And don’t worry, there will be blog posts about each one I try, so you can walk into your own book ad decisions well informed.

Nano Blog and Social Media Hop2

This is an Author Toolbox blog hop post. To find other amazingly helpful posts, go see Raimey Gallant and her linksy list.

22 thoughts on “Author Toolbox: Is Paying for a Facebook Ad Worth It?

  1. Thank you for sharing this breakdown. Marketing can be so frustrating, especially since I’m not a numbers/statistic analyzing type of person. There’s a reason I’m not a business manager!

    I heard a podcast (can’t remember where – sorry) where the author being interviewed said he had better exposure on FB by paying a few dollars a week to boost posts already on his feed. He said more of these turned into purchases than doing it the other way.It sounded like something worth looking into.

  2. Thanks for sharing!

    I recently tried running FB ads targeting specific audiences for my books. I had not been a fan of FB in the past, but thought I’d try one more time. I’ve run three ads so far, spending $25 per ad (or “post boost” as they call them). The ads reached 500 to 1,500 FB users (3,200 total). My results were not dissimilar to yours. Book sales were very low, but I did get 3% to CLICK on the link of one ad, and nearly 15% to LIKE the post and/or my page on another ad.

    I’m gong to do this for another couple months, spending no more than $100/mo, and unless I start to see traction on sales, I will stop. I learn a little more on each ad. Obviously, what you post and to whom you direct the post are key.

  3. I’ve had similar disappointing results with FB ads. I keep thinking that maybe I’m not targeting well enough, and that I should take advantage of the FB pixel and create a lookalike audience and all that, but I just hate Facebook so much.

    1. I’m in a similar boat. I just don’t think Facebook is very effective anymore, so I don’t spend a lot of time or energy on it. Still, I wanted to give it a shot to see if I was wrong 🙂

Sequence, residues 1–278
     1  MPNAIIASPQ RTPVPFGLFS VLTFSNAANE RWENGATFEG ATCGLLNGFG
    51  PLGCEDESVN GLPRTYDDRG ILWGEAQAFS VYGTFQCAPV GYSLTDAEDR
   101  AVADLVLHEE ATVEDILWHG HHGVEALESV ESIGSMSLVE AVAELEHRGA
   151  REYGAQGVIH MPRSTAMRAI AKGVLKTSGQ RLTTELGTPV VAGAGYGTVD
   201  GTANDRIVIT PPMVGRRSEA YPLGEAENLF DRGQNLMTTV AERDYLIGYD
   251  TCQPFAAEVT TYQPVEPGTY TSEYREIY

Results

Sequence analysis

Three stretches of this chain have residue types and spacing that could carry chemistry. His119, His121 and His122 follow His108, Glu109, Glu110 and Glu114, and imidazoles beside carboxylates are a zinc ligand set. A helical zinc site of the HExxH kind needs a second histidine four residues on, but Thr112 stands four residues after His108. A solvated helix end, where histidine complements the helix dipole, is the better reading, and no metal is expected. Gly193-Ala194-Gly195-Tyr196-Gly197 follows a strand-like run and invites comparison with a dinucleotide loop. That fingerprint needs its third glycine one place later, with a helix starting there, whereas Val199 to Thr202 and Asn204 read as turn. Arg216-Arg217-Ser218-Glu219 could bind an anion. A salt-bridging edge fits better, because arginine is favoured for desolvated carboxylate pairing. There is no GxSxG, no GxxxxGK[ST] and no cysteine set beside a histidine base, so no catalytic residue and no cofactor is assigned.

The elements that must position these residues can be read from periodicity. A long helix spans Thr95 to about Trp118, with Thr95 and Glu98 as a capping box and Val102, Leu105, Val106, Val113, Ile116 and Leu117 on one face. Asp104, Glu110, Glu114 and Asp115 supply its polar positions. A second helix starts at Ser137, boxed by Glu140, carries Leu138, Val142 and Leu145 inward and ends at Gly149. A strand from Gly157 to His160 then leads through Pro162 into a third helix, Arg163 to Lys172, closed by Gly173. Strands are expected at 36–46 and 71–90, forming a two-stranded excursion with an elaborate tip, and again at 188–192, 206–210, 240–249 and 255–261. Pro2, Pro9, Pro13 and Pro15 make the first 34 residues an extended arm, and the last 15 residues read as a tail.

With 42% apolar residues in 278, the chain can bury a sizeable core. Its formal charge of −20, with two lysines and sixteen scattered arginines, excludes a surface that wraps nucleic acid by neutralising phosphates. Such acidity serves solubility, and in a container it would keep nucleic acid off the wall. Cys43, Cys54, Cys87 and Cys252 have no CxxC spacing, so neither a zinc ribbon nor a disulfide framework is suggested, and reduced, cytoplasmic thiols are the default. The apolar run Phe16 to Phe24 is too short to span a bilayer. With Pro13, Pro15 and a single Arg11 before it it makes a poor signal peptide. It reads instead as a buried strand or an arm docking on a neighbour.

4. I had heard that Facebook ads were better for building awareness than actually selling books, and I suspect that is true for most social media. After all, if I was online to buy stuff, I’d be at AliExpress or Amazon, not on Facebook or Twitter.

    Which reminds me … are you on Twitter yet? I tweet most #AuthorToolbox posts, and like to tag the authors where possible. That’s building awareness for you, and it’s free 🙂

    1. Super good point! I think a merchandising or book-specific website ad should be next 🙂

      I’m not on Twitter, but thank you for the offer! Most of my efforts are focused on Instagram.

    1. Any marketing help is good, especially from your site! Thank you! Haha, I’m a babe in the marketing woods. But I’m hoping that putting my own case studies out there can help other authors stuck in the woods alongside me 🙂

  5. My experience with running a FB ad was that it only makes money for one thing…Facebook! My publisher ran some ads for me too several years ago, I don’t know exactly how much of that resulted in sales. I know running one myself only did about as well as yours as far as sales.

  6. Thank you for sharing your details. I’ve done a couple of facebook ads early on, but they were combined with efforts from my publisher, so I’m not sure the data is useful to anyone else. I only tend to do the ads when I have a new book out.

    1. I thought I’d give it a good try, but . . . the end result is I’m not convinced Facebook is a worthy ad platform anymore.

  7. I have realized too that FB ads are effective for impressions but not for clicks/turned into sales. I have tried few times last year when I lacked lots of info and I know I will not do it again. Try AMS, you pay per click which is great. You do need though to be patient though. Thinking that you have a publisher I think they need to set up this type of ad for you. Looking forward to see your experience in book tours, I haven’t done one yet. I Have heard though that Itsy Bitsy are really good….but only word of mouth at this point.

    1. I just get the feeling that Facebook is dying as a marketing strategy. It seems to be more about other things these days, and of course the algorithm screwed a lot up. Definitely ready to try other platforms!

  8. I’m sorry Facebook ads didn’t work out from a sales point of view 🙁 The number of impressions was higher than I expected though, given the amount of people I know who use an ad-blocker! It’s hard to know which forms of advertising are worth it without trying them first, and I’ll bet some genres do better on Facebook than others too.